Thursday, June 6, 2013

A message to the High School Graduate

The past few years I have taught high school - my subject?  American Sign Language.  I love teaching these kids sign, which really has a high demand since it is the third most common language in America.  This past week I had the pleasure of watching a number of my students cross the threshold into adulthood and the real world.  I can only hope that they do their best as they enter college and the world of bill paying, responsibility, jobs, and eventually, families.
The first step for many high school graduates is college - whether a two-year or a four-year.  It took me 9 years to get my bachelors.  Yup, 9 years.  During my first year (while taking Human Sexuality, ironically) I became pregnant with my first son.  Within two and half years I had two sons and was trying to fit in school between raising my boys.  It was difficult and I DO NOT recommend that route, but that is why I spent 9 years getting a B.A.  But I digress....
Over the course of my college years I learned some things about making college easier and the things that make it more difficult.  For you recent graduates, these are my words of advice to help you enjoy college and making your experience successful.
  1. Get a laptop!  This seriously took me until my last year of college to obtain, but boy - did it make taking notes so much easier!  I found that taking notes in lecture-style classes was very difficult when trying to write down every word that the teacher dictated.  Once I started using the laptop to track my notes, I found that I didn't lose my notes and I could keep up with the professor.  My last semester I had three history classes and without my typed notes, I do not think I would have been able to keep all of the dates and events straight.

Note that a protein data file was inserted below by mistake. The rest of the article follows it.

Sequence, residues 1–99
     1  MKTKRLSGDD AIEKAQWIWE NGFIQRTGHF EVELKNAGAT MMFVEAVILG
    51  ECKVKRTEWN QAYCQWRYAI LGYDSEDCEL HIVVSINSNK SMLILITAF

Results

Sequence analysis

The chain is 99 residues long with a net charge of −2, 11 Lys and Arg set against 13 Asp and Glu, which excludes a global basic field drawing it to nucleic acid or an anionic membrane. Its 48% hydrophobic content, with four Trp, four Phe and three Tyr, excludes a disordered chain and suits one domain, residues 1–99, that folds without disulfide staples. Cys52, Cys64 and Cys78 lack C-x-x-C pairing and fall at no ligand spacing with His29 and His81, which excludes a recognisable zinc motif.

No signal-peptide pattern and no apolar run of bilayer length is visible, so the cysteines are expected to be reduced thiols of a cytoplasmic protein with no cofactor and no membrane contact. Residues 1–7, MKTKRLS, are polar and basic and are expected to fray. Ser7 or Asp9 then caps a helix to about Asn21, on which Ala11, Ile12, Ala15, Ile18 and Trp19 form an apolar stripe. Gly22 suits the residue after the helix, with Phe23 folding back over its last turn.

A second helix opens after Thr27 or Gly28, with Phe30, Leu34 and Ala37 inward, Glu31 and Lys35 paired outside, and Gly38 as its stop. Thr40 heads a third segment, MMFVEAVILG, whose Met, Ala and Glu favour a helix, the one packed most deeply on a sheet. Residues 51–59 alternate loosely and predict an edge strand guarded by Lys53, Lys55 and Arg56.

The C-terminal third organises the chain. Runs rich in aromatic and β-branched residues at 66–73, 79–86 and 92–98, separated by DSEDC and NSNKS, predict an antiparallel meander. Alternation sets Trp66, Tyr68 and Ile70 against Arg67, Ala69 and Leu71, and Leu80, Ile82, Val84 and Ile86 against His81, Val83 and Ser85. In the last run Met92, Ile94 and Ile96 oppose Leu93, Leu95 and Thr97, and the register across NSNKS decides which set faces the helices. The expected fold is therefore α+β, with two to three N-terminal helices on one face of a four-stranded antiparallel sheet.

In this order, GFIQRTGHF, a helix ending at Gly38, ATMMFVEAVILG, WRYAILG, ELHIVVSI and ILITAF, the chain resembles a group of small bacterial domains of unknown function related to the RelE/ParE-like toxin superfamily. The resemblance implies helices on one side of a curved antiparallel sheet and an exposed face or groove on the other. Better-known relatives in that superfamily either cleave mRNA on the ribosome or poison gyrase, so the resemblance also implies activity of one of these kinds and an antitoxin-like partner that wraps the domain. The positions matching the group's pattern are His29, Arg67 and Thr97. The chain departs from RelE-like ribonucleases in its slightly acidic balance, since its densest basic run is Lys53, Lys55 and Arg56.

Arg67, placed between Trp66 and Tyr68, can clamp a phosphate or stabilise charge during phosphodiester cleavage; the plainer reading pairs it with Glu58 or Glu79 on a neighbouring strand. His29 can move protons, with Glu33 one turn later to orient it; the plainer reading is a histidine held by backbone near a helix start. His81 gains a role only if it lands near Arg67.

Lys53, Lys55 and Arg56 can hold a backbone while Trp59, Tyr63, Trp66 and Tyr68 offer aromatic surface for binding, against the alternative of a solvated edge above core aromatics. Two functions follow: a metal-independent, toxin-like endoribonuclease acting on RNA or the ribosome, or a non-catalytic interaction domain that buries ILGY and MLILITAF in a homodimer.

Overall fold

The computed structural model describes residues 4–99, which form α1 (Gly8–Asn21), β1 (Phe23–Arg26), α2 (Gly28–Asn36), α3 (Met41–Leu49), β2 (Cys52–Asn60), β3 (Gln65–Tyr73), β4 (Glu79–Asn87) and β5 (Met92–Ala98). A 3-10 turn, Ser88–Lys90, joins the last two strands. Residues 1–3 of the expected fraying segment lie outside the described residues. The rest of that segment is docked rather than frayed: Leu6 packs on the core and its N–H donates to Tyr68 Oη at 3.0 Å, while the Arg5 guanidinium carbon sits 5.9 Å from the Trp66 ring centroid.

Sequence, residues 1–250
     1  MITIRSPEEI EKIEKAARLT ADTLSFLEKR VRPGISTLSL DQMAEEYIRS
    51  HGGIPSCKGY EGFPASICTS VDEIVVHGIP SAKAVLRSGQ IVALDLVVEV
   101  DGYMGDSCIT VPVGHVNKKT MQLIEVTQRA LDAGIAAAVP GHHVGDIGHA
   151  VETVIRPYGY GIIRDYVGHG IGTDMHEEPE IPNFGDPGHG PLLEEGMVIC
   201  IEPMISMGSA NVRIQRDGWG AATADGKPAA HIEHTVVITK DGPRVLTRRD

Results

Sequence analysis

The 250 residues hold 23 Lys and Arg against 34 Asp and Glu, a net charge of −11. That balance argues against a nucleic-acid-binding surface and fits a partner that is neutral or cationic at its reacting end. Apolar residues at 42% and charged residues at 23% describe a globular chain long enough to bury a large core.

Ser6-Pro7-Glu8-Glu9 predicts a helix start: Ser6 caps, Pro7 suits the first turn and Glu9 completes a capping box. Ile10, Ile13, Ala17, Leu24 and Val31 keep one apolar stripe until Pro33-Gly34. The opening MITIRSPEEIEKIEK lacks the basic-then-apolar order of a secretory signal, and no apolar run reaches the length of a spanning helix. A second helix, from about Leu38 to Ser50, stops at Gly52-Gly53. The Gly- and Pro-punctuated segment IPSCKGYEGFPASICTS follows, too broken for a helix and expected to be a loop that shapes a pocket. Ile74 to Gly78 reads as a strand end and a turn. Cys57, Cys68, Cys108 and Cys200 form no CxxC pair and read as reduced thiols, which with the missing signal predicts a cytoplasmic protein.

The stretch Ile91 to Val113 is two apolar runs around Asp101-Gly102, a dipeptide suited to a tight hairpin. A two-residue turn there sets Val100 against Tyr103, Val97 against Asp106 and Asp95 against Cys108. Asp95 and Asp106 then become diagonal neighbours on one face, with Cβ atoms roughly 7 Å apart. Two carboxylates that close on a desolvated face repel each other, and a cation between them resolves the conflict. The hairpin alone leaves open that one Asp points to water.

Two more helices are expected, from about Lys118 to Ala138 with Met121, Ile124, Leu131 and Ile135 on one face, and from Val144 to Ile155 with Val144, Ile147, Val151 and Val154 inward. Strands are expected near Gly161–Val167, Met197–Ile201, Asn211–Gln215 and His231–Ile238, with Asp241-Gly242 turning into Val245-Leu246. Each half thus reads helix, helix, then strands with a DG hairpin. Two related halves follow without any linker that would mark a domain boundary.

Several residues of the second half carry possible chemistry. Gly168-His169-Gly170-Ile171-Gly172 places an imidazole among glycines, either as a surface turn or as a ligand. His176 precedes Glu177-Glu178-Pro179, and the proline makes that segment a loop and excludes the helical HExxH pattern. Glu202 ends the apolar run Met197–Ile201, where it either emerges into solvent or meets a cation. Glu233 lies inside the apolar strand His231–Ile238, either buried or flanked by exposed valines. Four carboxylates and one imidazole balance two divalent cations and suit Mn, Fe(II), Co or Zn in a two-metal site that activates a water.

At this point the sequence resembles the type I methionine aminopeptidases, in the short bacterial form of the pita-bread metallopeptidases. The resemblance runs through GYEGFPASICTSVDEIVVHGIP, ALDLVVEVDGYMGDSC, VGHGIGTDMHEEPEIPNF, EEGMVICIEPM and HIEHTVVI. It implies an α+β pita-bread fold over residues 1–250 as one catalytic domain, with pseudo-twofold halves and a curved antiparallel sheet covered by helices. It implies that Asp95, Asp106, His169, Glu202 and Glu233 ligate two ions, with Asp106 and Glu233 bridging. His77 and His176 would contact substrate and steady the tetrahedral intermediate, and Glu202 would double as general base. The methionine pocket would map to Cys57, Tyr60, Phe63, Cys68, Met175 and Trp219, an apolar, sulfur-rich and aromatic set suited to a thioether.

2. Pledge a Greek House.  Even if it is just for giggles.  I did this at age 26 with two kids and a husband at home because it was always something I imagined would be apart of my college career.  Needless to say they didn't pick me, but I was still impressed with the sweet personalities and the philanthropies that come with each house.  The people I know that have become Greek, have made friends for life and cherish the memories they made while involved in this aspect of college life.
  3. Map out your classes before the first day!  Seriously.  Get your butt over to the campus and walk your schedule.  This helps with nerves on the first day, plus you won't have to worry about getting lost and then stumbling late into your class on the first day.  This also leads into the my next piece of advice....
  4. Get to your classes early (especially in the first few weeks).  It is so awkward to show up to class and either get stuck standing in the back of the room (because the students who are trying to add have taken the desk seats) or sitting on the floor.  When you arrive early you can get an early pick on what seat you want.  By the way, college students are creatures of habit.  Typically where you sit the first few days naturally becomes "your seat."  No seating charts needed.
  5. Enjoy pizza and a beer on a long day.  (After you are 21 of course!)  During my last semester of school I had two days a week where I was at school for 12 hours with an hour and a half for my lunch break.  It was so nice, on occasion, to sit back with my fellow program mates and enjoy pizza and a beer before the next round of classes. 
  6. Do your work!  This really goes without saying, or should, right?  Make time for homework and studying.  I just cruised by for the first few years and got C's and B's.  This took a toll on my overall GPA.  Jobs DO look at your GPA, just so you know.  By the time I transferred to a four-year, the damage was done.  I started getting straight A's, but the prestigious honor of graduating Magna Laude, Magna Cum Laude, or Magna Sum Cum Laude had slipped away (I was just a few tenths of points away from the lowest of these three honors.)  I wanted to kick myself!  All of your classes are important, even the general ed.